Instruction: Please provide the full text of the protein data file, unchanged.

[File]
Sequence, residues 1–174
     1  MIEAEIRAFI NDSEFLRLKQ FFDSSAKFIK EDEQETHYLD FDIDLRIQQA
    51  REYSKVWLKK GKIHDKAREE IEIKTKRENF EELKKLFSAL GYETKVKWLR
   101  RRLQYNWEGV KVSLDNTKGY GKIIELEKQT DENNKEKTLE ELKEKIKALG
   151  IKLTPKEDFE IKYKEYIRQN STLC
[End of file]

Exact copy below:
Sequence, residues 1–174
     1  MIEAEIRAFI NDSEFLRLKQ FFDSSAKFIK EDEQETHYLD FDIDLRIQQA
    51  REYSKVWLKK GKIHDKAREE IEIKTKRENF EELKKLFSAL GYETKVKWLR
   101  RRLQYNWEGV KVSLDNTKGY GKIIELEKQT DENNKEKTLE ELKEKIKALG
   151  IKLTPKEDFE IKYKEYIRQN STLC